Are you getting a blue screen every time you use your computer? A dead CPU can mean lost data, slowed productivity, and serious hardware downtime. That’s bad enough, but what if you were the one who ended up with a dead CPU? How would you know?
No worries! We are here to help. Keep reading to learn what signs your computer gives when a CPU is about to die!
Indicators of a Dying CPU
When it comes to the indicators of a dying CPU that will eventually be dead, there are a few different signs.
• Booting Issues
Booting issues are one of the most common signs of a dying CPU. When you turn on a computer, it goes through an initial power self-test, or BIOS POST as it’s known. This is a procedure that checks out all of your computer’s hardware devices, ensuring that everything is working properly.
If something’s wrong with one of your devices, the POST process will catch it and prevent booting into Windows as usual. So, when you’re booting up your computer and it takes longer than usual or seems like it isn’t even booting up at all, that can be a sign that there’s something wrong with your CPU. However, when a computer is not booting up correctly, it’s also possible that the motherboard is having issues. It could be caused by different things, such as overheating issues or voltage spikes.
It may also be caused by faulty RAM or faulty power supply units (PSU). It’s important to note that if your computer starts but then crashes after you’ve booted into the OS, this isn’t necessarily an indication of failure on the CPU end. Instead, it could mean that something in the OS or other hardware itself is causing the crash.
If you’re a fan of old movies, then you will be familiar with the morse code used by operators in the early days of telephones.
Morse code refers to a method of transmitting messages in short and long beeps on a specific frequency. The BIOS of your motherboard can emit such a beeping signal. But to understand what it is trying to convey; you will need some background knowledge about this form of communication that was popular in the 19th century.
The beeping sound coming from your monitor indicates a specific problem with the system hardware. The codes that appear on the screen help pinpoint what part of the system is causing the issue. But if you’re not sure where to look, consult your motherboard’s user manual for help.
Some motherboards are capable of outputting beeps if there is a problem. However, you may need the help of a speaker if you want to hear these sounds.
• Blue Screen of Death (BSOD)
The Blue Screen of Death, commonly known as BSOD, is one of the most dreaded errors in Windows and can appear at any time on your computer.
While it typically means there’s a problem with your OS, it also means that you may have to face a CPU death soon.
• Screen Freeze
Another indicator is when your computer freezes or crashes while using certain programs or processes.
For example, suppose you’re using an intensive application like Photoshop and suddenly you’re unable to click or drag anything on the screen. It is because everything has stopped responding which could be a sign that something is wrong with your CPU.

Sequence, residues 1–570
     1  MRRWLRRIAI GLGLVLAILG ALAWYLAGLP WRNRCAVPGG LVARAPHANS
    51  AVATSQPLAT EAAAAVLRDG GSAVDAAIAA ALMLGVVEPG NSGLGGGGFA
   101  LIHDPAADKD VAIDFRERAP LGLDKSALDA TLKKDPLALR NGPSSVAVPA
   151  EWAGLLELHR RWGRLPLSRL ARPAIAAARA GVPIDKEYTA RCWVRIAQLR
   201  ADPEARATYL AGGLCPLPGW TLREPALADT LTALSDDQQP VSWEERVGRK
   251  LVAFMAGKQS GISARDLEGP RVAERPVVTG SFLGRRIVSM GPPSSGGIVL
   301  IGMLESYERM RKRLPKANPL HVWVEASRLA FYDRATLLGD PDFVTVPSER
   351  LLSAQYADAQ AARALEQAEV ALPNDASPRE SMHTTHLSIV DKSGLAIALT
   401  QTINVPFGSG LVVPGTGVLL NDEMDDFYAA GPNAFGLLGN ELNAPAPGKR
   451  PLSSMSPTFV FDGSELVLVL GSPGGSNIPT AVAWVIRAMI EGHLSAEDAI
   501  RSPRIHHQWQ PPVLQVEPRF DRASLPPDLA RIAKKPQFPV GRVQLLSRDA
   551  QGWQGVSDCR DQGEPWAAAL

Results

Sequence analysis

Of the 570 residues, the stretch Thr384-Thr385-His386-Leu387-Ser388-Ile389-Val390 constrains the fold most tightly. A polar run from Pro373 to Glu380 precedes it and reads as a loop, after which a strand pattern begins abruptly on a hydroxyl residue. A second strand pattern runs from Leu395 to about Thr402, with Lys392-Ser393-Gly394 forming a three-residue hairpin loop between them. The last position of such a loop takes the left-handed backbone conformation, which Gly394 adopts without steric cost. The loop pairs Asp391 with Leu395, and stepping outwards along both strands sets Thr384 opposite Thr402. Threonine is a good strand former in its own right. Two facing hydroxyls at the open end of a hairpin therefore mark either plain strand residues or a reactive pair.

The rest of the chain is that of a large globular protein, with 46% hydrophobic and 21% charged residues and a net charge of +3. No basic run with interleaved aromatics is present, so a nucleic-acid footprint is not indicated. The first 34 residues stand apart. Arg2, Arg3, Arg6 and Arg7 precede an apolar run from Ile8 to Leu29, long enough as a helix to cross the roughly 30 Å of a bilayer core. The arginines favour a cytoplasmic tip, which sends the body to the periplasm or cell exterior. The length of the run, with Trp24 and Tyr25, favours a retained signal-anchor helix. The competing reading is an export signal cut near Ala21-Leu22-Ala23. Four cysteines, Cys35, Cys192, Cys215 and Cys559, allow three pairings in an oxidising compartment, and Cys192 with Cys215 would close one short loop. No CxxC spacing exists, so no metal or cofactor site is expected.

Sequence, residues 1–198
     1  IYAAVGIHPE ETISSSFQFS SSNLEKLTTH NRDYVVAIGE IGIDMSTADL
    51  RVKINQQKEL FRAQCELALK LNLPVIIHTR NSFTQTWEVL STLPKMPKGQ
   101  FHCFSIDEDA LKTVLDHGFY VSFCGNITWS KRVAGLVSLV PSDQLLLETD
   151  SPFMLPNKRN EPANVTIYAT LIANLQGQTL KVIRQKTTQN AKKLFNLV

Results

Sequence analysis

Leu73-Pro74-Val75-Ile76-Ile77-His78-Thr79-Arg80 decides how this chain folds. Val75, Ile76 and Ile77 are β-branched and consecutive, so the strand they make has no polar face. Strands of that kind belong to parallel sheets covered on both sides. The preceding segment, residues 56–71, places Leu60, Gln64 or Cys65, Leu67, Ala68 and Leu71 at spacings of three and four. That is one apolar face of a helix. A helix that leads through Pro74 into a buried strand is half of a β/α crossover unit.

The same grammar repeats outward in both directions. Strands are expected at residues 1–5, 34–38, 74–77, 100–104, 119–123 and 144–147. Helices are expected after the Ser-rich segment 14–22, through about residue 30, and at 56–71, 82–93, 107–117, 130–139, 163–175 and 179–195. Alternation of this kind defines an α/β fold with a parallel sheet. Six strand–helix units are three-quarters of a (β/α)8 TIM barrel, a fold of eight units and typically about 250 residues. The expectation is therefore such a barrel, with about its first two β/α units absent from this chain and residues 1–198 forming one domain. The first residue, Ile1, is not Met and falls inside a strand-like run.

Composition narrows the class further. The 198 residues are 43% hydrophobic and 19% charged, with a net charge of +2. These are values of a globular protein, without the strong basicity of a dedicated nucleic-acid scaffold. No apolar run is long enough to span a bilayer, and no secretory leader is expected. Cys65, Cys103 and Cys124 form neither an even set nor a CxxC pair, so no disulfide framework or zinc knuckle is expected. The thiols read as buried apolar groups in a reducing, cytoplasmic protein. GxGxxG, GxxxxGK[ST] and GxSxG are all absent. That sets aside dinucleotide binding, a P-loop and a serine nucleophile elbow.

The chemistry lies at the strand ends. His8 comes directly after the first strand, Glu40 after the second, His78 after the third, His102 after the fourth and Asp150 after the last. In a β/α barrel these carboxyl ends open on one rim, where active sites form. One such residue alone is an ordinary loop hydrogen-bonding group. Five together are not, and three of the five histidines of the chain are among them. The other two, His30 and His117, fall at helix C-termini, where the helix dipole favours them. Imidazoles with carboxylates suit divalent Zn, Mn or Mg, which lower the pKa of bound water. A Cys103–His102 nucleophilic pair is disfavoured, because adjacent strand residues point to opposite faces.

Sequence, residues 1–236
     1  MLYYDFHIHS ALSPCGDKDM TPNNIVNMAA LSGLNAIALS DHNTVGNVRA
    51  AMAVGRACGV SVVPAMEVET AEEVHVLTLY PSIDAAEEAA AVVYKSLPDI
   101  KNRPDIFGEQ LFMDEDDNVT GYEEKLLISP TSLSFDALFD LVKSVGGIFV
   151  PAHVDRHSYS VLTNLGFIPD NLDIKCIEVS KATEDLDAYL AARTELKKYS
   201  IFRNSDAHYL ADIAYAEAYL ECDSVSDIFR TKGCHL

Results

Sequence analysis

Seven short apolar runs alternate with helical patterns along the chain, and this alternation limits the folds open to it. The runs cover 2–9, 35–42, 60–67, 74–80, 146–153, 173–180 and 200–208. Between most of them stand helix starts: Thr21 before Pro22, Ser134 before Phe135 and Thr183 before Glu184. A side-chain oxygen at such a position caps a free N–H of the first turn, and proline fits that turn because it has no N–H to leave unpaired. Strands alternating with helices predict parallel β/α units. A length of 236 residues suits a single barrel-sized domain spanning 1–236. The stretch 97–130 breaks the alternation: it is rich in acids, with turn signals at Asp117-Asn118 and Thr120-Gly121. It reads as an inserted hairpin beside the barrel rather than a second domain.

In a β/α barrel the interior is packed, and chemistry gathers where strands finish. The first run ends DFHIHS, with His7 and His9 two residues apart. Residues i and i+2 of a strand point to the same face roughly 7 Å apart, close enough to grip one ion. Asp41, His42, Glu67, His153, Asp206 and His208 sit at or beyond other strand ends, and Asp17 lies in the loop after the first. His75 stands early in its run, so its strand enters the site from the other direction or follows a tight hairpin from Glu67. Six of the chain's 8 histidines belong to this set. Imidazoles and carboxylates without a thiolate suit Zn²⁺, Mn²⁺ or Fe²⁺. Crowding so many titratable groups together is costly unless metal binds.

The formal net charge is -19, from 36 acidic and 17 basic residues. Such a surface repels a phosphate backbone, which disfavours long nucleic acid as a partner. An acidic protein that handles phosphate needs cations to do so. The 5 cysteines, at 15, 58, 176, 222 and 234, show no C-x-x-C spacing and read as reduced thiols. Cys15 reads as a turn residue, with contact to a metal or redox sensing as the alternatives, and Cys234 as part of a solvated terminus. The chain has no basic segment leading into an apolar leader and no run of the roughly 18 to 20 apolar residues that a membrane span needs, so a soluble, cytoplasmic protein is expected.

It might not necessarily be dead yet but it could be close enough to make things more difficult for you until you get it replaced by professionals!
• Fans Operating on Full Capacity
When your CPU dies, the fans in your computer will continue to run at full power. When you power on your system, the fans have nowhere to regulate themselves.
This can create an extremely loud noise that may last for several seconds before normal operation resumes. If left unregulated, this higher RPM will become audible in most cases when you start up the computer again.
• Automatic Shut Down
If your computer or laptop keeps shutting down on its own, it means that there is something wrong with the power supply or the processor of your device.
Usually, it’s not a serious problem and you can repair it by simply restarting your machine. Or you can change the settings to ensure it doesn’t shut down automatically without any prior warning.
Most people just avoid this issue. But if your computer has started doing that more frequently, then you need to take some action.
Your computer’s CPU might get hampered by a simple problem like overheating. In this case, the system might start with a few automatic shut-offs and then die eventually. If this happens, you need to find the root of the problem.
How to Identify the Exact Issue?
What you should do next is to identify the problem with your computer. If your CPU isn’t the problem, one of your other components is likely the cause. So, if you see these symptoms, it is time to start hunting for the culprit.
1. Visible Damage
If your computer is acting weird, the first thing you can check is if there was any kind of electrostatic discharge or power surge. Any impact like a scorch mark around the processor socket on your motherboard will be visible to the naked eye.
Plug in your motherboard (having a beep code speaker) and listen for a series of beeps that indicate the components you have installed have been detected and are malfunctioning.
One beep shows there’s a problem with the system’s memory while two beeps is a sign that the motherboard is a culprit. And, if there is no beep, your CPU is not working properly. If you don’t have such a motherboard, you can buy a standalone beep code speaker from the market.
3. Connect to a Different Computer
If your testing computer works perfectly, with no glitches and no overheating problems, when you connect it to your CPU, then this pretty much tells you that the CPU isn’t faulty.
So how to tell if your CPU is dead? Your CPU is dead if you are experiencing the issues we have mentioned above. Generally, you’d keep getting the same error messages, or else random parts of the system would just stop working until eventually, everything stops.